"Hughie's been so supportive. He's my best friend, the best husband in the world, and without him and the kids, I know I'd be a broken woman. He's wonderful at sitting back and waiting for the storm to pass with my mood. I think you always take things out on the people you love, because you don't mind them seeing the real you, but it's painful to accept I do that to him and the kids."
Are things improving?
"They are but I still have good and bad days, and I'm considering having therapy. These days, I try to count to 10 or remove myself from a situation when I feel the anger descend. I'm trying to recognise it and see where it comes from, so I can figure out whether it's really anger or whether I'm masking it as something else," says Heaton. "I try to remind myself I'm alive, I've reduced my risks of cancer, and that should be the benchmark against which I measure all other emotions."
How do you feel about your body?
"It was as though I'd lost my femininity when I lost my boobs and had my hysterectomy," she confesses. "I have scars and my belly's not the same. For a long time, I didn't feel like a real woman and it really knocked my self-confidence and self-esteem. Now I've realised I'm never going to be perfect and finally accepted my body for what it is. It didn't help that I struggled with a loss of libido for around a year, until my doctor changed my oestrogen-only HRT to one with testosterone, which has put it back on track."
Has keeping fit helped you?
"I'm a qualified personal trainer and I've always needed gym time, but never more so than in the menopause. I work out five times a week and, if I feel a rage building up, I escape to our garden gym. It's become a safe-haven for me.
"Around a 45-minute session lifting weights or a high-intensity routine puts me in the zone, gives me a mental break and calms me down.
"Building up a sweat also helps with the hot flushes I've started getting and training helps my weight control. My metabolism's slowed since the menopause, a natural side-effect, and weight's easier to gain and harder to shift."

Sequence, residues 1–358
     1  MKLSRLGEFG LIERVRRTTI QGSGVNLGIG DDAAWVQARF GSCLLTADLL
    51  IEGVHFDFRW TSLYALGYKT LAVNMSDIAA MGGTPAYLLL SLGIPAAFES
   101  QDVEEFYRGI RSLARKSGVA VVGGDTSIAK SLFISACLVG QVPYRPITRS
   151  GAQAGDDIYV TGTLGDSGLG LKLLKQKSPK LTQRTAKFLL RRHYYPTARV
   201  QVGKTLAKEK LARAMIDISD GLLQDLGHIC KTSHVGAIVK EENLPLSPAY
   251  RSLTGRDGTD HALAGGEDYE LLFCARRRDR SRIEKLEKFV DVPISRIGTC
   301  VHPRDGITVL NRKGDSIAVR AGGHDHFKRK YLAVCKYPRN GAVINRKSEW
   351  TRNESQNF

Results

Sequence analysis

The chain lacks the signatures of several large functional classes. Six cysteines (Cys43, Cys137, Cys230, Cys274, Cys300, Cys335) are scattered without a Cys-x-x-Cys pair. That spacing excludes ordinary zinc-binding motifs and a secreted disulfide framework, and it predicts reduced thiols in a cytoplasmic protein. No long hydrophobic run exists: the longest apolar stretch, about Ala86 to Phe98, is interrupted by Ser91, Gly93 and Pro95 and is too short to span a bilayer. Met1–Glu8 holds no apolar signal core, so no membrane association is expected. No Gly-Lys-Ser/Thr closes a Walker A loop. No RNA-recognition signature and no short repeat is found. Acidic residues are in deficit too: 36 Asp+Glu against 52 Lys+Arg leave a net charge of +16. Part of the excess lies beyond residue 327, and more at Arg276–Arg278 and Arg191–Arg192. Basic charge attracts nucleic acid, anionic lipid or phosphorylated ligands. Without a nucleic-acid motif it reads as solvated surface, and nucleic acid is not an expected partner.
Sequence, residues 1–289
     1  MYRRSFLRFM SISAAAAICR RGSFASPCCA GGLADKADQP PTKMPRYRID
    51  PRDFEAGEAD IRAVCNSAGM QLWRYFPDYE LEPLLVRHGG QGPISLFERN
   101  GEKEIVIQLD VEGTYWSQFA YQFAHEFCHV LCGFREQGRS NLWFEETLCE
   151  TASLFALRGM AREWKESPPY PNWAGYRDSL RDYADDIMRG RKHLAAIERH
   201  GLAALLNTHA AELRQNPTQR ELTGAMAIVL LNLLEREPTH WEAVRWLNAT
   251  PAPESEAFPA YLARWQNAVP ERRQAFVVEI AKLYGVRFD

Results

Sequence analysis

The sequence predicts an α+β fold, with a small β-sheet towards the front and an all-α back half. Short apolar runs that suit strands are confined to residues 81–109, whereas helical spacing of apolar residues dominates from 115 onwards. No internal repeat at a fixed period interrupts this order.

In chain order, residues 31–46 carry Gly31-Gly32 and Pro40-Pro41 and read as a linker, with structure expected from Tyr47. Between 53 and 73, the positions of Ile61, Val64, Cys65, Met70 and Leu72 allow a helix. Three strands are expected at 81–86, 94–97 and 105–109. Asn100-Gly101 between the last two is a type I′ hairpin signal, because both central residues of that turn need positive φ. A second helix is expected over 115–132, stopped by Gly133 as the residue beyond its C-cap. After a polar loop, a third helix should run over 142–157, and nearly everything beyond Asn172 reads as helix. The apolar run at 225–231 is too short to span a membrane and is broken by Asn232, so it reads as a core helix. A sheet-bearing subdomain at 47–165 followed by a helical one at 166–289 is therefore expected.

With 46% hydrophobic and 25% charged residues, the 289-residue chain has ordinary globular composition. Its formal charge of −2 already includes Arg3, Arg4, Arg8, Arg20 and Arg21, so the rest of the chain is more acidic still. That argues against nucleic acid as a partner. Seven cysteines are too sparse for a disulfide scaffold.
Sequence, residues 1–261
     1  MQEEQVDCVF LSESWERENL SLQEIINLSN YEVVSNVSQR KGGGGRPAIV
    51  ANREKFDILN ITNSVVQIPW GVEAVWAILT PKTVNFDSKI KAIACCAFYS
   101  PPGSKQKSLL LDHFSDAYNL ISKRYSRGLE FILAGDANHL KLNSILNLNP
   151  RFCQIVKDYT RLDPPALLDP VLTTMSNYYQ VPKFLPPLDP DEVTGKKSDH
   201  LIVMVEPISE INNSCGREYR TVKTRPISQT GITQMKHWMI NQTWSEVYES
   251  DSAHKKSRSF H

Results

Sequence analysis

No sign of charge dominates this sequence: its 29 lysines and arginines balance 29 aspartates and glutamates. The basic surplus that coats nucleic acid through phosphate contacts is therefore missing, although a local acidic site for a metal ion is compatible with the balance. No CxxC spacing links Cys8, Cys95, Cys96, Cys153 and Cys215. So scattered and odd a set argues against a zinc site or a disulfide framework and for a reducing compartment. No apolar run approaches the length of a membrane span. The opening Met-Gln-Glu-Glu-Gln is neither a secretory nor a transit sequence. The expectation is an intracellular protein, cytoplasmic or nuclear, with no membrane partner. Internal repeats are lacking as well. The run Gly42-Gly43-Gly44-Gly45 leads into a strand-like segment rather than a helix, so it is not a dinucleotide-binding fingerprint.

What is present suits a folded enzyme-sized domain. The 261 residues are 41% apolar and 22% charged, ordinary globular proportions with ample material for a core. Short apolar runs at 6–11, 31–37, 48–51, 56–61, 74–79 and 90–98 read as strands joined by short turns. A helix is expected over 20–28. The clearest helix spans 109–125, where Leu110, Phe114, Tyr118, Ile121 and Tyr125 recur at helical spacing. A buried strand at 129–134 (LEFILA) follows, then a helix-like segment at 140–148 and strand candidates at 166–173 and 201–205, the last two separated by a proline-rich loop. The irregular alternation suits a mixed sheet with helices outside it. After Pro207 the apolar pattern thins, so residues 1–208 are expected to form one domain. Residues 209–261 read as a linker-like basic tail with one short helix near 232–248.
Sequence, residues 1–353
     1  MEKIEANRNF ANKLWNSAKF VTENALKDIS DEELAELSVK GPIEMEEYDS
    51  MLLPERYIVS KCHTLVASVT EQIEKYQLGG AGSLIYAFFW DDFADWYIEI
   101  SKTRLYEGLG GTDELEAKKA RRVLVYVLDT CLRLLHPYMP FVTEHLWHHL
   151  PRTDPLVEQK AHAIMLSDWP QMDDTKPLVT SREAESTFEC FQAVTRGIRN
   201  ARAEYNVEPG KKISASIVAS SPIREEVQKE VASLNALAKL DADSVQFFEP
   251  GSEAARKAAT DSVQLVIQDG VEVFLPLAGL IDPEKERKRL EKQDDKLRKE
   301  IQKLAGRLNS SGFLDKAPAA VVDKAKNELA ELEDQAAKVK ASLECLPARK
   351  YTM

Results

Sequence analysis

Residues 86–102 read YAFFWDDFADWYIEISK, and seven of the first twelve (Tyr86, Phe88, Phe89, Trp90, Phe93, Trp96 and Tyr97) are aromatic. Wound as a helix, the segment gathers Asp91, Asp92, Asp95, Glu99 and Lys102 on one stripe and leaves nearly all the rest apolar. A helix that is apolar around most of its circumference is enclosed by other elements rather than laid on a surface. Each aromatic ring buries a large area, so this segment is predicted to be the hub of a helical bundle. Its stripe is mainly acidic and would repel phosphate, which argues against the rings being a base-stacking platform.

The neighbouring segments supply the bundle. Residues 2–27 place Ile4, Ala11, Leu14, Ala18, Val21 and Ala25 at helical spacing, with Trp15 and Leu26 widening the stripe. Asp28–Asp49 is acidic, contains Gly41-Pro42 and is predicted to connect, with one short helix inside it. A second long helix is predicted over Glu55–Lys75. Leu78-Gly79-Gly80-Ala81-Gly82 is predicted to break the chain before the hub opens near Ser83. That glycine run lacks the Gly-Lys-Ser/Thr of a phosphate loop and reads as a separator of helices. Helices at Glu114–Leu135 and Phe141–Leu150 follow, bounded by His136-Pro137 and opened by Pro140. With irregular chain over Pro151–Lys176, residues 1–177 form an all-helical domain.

How are you coping with the possibility your daughter Faith may carry the BRCA2 gene too?
"I have a sickening feeling in my stomach when I look at my daughter, whom I adore, and think about that possibility. We won't know until Faith's 18, when she can be offered the test to find out.
"She's far too young for me to talk about it, but on her sixth birthday she asked if she'd ever get ill too. I told her, 'I don't know, Sweetie, but if you do I will be with you every step of the way'. I'm passionate about speaking about this to help raise awareness and increase funding for research and prevention, to maybe help my daughter and others."
What have you learnt from all this?
"I'm a strong person and going through this has made me stronger, although there have been bleak moments when it's been so hard to carry on; it's only been the thought of my family's that's kept me going.
"I've learnt I need to ask for help sometimes," Heaton adds. "I feel it's bloody unfair I still have risk of cancer, even though it's reduced to a few per cent, but six-monthly check-ups are reassuring. I've learnt to live life to the full and live it for the moment, because I don't know what's around the next corner.
"I hope now is the start of a new beginning for me and the family, and I know I've done everything I can to be around for a long time for them and for me."
Hot Flush: Motherhood, The Menopause And Me by Michelle Heaton is published by Michael O'Mara Books, £18.99